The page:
Steps to improve your sleep routine

October 13, 2010 by
Filed under: Research, Spinewave Bulletin 

Want to get smart? Get more sleep. Sleep plays an imperative role in cognitive function. Sleep allows the brain to juggle the input of new information. Individuals who lose even small amounts of sleep on a daily basis show progressive impairment of cognitive performance and elevation of C-reactive protein (inflammation). Here are some ways to improve your rapid eye movement (REM) time:

Establish a bedtime routine to help your body and mind relax. Just like children thrive on a consistent bedtime routine, you can too. Watch your favourite TV series every night before bed, read a chapter of a book or do the same night time bathroom routine. This consistency will signal your brain that it’s time to go to bed.

Get regular sunlight or bright light during the day to help sleep better at night. This helps set your body’s internal clock, signalling the difference between daytime and night. As such, levels of melatonin, your body’s naturally occurring hormone that causes drowsiness, rise as darkness falls.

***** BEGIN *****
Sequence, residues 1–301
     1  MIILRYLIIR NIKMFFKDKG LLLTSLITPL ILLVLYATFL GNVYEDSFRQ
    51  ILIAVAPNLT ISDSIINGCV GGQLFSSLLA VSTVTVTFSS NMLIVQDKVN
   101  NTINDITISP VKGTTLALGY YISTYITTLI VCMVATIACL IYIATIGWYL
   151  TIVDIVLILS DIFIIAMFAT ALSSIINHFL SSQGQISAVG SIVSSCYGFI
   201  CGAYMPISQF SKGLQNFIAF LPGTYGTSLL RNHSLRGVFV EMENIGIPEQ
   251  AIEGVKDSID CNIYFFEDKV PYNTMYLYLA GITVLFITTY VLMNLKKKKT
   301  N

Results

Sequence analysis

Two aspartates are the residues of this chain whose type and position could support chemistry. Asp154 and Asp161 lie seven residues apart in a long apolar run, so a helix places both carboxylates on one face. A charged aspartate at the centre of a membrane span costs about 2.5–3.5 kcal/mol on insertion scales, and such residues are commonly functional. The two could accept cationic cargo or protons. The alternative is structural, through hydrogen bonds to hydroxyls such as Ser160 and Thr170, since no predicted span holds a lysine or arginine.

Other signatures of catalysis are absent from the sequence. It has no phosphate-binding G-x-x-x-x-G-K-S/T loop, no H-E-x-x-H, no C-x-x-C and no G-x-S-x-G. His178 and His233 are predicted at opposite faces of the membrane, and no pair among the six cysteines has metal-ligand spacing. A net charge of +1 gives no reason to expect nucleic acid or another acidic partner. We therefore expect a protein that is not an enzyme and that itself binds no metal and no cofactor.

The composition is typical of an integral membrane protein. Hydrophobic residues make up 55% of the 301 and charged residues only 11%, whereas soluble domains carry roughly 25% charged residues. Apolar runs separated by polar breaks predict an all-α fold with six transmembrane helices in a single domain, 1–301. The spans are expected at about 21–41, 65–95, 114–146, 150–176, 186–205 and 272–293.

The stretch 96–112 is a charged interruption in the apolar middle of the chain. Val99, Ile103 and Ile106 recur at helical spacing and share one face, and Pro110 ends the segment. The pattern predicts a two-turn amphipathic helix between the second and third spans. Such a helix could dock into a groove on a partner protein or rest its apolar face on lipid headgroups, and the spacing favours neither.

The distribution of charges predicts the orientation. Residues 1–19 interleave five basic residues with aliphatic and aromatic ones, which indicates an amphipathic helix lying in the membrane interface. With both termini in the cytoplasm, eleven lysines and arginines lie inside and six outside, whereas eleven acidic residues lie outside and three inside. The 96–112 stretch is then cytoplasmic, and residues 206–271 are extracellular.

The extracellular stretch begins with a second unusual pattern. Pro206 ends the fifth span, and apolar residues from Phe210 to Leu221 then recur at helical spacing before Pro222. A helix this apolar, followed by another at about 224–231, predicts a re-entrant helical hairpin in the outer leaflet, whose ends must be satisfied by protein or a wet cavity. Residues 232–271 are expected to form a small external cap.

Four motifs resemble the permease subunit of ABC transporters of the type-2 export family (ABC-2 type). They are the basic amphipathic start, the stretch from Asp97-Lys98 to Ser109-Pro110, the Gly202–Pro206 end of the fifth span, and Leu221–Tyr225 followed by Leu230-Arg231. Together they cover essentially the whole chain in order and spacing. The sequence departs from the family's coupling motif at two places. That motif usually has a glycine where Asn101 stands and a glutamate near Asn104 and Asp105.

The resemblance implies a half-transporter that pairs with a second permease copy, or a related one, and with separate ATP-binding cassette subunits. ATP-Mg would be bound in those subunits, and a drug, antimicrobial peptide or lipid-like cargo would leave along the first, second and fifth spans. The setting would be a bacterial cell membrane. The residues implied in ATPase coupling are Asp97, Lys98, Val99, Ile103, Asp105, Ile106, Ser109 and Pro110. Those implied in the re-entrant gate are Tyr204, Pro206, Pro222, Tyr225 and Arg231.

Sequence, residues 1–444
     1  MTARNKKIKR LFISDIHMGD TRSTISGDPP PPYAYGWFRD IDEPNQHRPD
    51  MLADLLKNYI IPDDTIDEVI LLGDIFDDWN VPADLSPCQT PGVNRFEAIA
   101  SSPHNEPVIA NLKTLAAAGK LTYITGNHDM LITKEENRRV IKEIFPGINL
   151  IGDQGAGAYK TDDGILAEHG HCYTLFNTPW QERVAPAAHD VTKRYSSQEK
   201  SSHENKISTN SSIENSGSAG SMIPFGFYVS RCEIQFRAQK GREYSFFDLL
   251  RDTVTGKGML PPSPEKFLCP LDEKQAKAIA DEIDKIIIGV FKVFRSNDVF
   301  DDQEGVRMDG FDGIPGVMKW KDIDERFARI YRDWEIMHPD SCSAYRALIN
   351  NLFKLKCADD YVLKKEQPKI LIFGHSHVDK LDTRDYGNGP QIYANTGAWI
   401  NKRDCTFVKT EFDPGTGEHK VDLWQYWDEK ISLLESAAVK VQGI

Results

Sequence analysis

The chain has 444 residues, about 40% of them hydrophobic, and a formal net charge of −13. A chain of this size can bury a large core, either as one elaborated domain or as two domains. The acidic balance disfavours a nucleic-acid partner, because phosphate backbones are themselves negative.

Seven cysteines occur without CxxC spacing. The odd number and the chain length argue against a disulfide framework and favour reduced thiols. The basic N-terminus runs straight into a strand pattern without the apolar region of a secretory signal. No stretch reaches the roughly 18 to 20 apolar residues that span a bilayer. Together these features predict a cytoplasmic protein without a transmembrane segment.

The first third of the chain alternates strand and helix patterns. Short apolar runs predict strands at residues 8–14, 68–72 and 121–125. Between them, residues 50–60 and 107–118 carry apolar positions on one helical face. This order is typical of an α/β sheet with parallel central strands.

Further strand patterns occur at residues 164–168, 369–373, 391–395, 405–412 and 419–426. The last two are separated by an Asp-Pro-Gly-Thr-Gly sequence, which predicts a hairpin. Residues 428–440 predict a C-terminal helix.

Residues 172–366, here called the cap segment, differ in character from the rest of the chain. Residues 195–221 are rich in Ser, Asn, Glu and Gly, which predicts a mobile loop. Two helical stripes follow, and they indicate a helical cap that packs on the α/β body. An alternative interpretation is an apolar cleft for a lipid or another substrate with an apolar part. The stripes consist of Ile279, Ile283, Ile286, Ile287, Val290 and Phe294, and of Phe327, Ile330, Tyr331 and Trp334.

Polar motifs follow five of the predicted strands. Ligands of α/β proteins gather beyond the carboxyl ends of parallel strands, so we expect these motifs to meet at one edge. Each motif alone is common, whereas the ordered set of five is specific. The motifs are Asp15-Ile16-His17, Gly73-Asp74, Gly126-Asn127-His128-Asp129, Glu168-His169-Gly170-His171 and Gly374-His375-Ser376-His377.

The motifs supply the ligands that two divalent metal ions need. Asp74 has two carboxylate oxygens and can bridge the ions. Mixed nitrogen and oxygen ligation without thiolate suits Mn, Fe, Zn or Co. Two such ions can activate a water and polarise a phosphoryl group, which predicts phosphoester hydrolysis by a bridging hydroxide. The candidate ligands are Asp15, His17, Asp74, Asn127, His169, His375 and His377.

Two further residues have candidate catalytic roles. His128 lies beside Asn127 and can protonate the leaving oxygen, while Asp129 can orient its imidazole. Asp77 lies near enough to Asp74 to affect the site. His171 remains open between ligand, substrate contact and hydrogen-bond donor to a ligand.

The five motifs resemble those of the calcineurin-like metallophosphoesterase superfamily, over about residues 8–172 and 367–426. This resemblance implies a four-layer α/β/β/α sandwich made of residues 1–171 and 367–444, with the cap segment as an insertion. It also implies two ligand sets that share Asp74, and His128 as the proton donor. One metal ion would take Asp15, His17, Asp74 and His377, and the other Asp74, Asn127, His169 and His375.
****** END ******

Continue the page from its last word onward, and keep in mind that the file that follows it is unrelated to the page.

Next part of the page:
Eat before bed. While it may seem counter-intuitive, consider eating a light snack before bedtime if you tend to get hungry during the night. Foods such as bananas, oatmeal, whole-wheat bread, and chamomile tea are all conducive to sleep.

Get adjusted. Chiropractic adjustments bring ease to your nervous system, relieve stress and help you sleep better (click here to read Karen’s insomnia story). The upper brainstem has important cells that are a part of our “arousal system” which fire into the thalamus and cortex. Proper firing of these cells occurs during rapid eye movement (REM) sleep, which is accompanied by cortical activation, loss of muscle tone in the body and active dreams. Adjusting the upper neck changes the way the brainstem fires and people tend to sleep better.

References:

Dean, C., et al. 365 Ways to Boost Your Brain Power. 2009.

Saper, C. B. et al. Hypothalamic regulation of sleep and circadian rhythms. Nature. Vol 437. 2005.

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